The archbishop said his conscience urged him to break with normal practice
Whatever the truth or falsity of the claims made by Archbishop Carlo Maria Viganò in his “testimony” calling for the resignation of Pope Francis, it is indisputable that he spectacularly violated the pontifical secret he swore an oath to keep.
That is an earthquake for the Vatican diplomatic corps and the Roman Curia. The “pontifical secret” which binds them is not the confessional seal, nor is it as grave as the conclave seal for the cardinal electors, but it is most serious. After Viganò it will never be the same.
Archbishop Viganò justified the revelation of details he learned on the job on the grounds that his conscience did not permit him to keep corruption hidden. He brazenly invoked the mafia term omertà to speak about the code of silence he was breaking.
As for Viganò’s conscience, the parts of his “testimony” that were reckless and unfairly maligned parties without justification undermine confidence in his judgment about violating oaths. Yet now the Church is faced with a question of whether, and how, to keep secrets.
Curial officials and Vatican diplomats take their oaths very seriously. I have known dozens of them, many as close friends, and the norm is that they quite punctiliously refuse to discuss even routine matters that cross their desks.
For example, 10 days before the papal trip to Ireland, I asked an old friend, a current official in one of the Vatican congregations responsible for bishops, whether in fact there were any tribunals set up to judge bishops foreseen in the motu proprio of Pope Francis, Come una madre amorevole. He would not answer. I had not asked for any particulars, just whether it was even happening. (Pope Francis confirmed that such a case was underway on his return flight from Dublin.)
And the Vatican takes the oath seriously too. The VatiLeaks affair of a few years ago involved stolen and leaked documents by one who violated his oath, the butler of Benedict XVI. He was prosecuted, convicted and sentenced (though eventually pardoned).
No one has (yet) suggested any such repercussions for Archbishop Viganò. Any call for canonical prosecution would be seen as an attempt to conceal perfidy rather than to be transparent, and punishing whistleblowers regarding sexual abuse.
To date, internal Church documents protected by confidentiality have been revealed by the unsealing of court proceedings.
Does the Viganò precedent mean that we are now entering a new era, when officials might directly reveal what they know, or leak relevant documents to the media? Viganò, for his part, did not leak documents in his initial testimony, but did so afterward in relation to another case, the investigation of Archbishop John Nienstedt. But he has indicated where the relevant McCarrick documents can be found. That there will be a thoroughgoing McCarrick investigation is now beyond doubt. Will it be credible without access to documents in the Congregation for Bishops, the Secretariat of State and the Washington nunciature? Clearly not.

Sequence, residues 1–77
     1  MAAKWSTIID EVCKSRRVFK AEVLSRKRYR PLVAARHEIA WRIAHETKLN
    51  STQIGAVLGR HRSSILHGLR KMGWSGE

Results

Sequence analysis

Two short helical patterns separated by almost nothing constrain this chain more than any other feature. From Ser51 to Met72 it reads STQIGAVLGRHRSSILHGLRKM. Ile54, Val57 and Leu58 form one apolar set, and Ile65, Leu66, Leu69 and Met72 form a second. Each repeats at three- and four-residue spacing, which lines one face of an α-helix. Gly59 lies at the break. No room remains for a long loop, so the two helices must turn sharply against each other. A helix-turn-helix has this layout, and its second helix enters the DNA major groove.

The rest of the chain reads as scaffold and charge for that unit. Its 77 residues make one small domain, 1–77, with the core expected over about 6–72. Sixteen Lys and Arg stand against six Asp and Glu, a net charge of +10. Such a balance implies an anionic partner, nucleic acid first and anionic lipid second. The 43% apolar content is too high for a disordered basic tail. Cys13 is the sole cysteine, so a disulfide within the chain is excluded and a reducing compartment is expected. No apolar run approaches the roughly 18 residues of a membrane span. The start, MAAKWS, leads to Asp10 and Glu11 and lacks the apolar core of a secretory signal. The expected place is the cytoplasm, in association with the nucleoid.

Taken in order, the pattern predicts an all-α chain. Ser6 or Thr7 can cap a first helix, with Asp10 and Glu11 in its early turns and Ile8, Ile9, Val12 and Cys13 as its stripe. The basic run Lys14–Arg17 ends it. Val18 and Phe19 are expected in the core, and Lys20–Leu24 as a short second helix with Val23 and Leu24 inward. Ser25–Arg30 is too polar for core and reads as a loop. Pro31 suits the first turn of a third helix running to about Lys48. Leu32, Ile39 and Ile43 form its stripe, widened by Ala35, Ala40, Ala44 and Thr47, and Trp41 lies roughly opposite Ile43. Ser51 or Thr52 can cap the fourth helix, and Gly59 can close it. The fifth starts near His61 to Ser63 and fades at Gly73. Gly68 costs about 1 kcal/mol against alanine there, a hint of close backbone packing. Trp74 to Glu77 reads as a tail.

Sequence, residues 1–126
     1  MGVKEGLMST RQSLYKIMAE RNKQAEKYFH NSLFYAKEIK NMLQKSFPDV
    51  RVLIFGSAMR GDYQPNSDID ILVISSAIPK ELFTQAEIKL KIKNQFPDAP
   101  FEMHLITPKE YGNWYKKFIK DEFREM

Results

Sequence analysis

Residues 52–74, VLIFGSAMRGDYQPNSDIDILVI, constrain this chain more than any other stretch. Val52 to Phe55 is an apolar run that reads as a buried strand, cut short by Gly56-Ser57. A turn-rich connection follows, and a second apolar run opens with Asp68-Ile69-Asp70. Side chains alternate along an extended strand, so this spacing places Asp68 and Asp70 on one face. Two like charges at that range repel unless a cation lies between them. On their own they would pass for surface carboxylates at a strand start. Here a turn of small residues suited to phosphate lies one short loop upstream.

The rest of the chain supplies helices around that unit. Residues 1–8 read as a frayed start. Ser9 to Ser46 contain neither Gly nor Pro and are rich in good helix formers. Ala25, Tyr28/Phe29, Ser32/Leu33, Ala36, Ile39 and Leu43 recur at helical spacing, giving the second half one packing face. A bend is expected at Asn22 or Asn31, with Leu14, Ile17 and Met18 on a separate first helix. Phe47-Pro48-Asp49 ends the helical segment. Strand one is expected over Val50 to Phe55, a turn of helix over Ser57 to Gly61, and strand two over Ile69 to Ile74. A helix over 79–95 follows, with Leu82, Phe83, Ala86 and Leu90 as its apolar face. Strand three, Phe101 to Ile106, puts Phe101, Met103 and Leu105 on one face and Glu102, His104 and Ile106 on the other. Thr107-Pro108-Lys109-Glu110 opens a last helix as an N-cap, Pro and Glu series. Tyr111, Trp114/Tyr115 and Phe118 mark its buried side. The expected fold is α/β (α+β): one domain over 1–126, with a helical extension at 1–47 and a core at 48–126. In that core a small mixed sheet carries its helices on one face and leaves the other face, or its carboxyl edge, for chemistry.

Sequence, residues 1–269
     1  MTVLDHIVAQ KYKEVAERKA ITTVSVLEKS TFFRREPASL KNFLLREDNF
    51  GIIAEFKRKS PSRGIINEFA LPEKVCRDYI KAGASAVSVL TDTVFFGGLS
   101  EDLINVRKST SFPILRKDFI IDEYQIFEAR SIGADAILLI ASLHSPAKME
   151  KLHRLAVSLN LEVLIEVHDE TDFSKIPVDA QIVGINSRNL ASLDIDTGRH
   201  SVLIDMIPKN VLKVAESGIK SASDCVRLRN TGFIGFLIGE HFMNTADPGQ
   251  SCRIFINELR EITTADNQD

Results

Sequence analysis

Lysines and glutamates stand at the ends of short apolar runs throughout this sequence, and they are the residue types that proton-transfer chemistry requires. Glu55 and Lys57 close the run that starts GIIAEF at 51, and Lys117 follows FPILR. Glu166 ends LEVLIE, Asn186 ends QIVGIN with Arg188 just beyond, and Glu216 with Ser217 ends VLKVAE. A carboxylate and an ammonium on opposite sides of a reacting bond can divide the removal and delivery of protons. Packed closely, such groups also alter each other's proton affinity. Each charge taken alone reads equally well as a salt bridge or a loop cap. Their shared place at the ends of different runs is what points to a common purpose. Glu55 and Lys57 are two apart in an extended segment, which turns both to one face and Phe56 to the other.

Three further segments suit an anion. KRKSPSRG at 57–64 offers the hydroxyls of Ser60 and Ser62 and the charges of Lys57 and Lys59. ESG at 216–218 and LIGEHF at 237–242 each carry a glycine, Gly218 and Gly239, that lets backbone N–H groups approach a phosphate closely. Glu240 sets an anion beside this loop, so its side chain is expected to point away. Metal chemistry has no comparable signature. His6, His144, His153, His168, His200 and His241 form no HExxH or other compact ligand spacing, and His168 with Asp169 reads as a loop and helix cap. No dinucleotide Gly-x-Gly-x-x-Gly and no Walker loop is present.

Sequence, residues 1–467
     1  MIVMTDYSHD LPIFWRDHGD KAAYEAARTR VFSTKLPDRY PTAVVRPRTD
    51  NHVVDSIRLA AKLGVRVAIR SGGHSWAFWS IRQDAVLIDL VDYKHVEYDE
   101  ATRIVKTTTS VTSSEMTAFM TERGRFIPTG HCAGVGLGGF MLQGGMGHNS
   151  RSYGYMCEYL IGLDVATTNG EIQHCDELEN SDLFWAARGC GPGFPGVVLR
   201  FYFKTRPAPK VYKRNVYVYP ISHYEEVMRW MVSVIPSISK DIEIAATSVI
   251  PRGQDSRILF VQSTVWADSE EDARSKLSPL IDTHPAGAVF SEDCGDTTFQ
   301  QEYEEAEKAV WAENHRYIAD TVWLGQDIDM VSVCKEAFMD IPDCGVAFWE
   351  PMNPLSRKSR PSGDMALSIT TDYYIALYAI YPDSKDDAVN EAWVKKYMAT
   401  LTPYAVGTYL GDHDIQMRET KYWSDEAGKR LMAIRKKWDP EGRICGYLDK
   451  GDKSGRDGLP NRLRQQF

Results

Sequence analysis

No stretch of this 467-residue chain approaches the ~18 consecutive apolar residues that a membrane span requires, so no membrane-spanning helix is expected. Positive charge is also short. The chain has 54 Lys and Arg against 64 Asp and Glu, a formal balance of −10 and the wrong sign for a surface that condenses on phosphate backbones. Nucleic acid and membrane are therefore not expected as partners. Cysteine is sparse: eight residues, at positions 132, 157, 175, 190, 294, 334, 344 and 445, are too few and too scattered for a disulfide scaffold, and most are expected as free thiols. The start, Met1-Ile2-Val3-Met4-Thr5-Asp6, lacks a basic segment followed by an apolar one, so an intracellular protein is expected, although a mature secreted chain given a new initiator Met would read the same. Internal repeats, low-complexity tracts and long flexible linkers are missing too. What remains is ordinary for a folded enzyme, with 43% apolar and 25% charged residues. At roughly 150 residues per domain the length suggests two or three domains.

So how to handle the secrets contained therein? For VatiLeaks, Benedict XVI established a commission of three retired cardinals. Their voluminous report was for the “pope’s eyes only” and was never released. After his disastrous trip to Chile, Pope Francis commissioned Archbishop Charles Scicluna to investigate. The Holy Father spoke about what he learned from the report, but it was not released.
(The Chilean criminal justice authorities have asked for it, but the Vatican has said it will not be turned over as those who spoke to Scicluna were guaranteed confidentiality.)
The American bishops are committed to a published report. They have called for an “apostolic visitation” that will include lay people as well as bishops precisely so that its findings will be not covered up. That means, at minimum, that whatever is in McCarrick’s file at the Congregation for Bishops, as well as the Viganò memoranda about McCarrick will be published in some form.
Only the pope can authorise that, which is why the American bishops have appealed to his authority to establish the visitation. The challenge for Pope Francis and his advisers is how to provide for the exigencies of the McCarrick affair where, thanks to Viganò, secret documents are already in public discussion. How to authorise their release, while not creating a troublesome precedent for others who might come calling? The next request may not come from inside the Church, from brother bishops, but a government bent on persecution.
And in the background of Vatican thinking will be the possibility that whatever provision they make, officials may not observe the confidentiality that they previously did. The pontifical secret may be another casualty of Archbishop McCarrick.
Fr Raymond J de Souza is a priest of the Archdiocese of Kingston, Ontario, and editor-in-chief of convivium.ca.
This article first appeared in the September 7 2018 issue of the Catholic Herald. To read the magazine in full, from anywhere in the world, go here.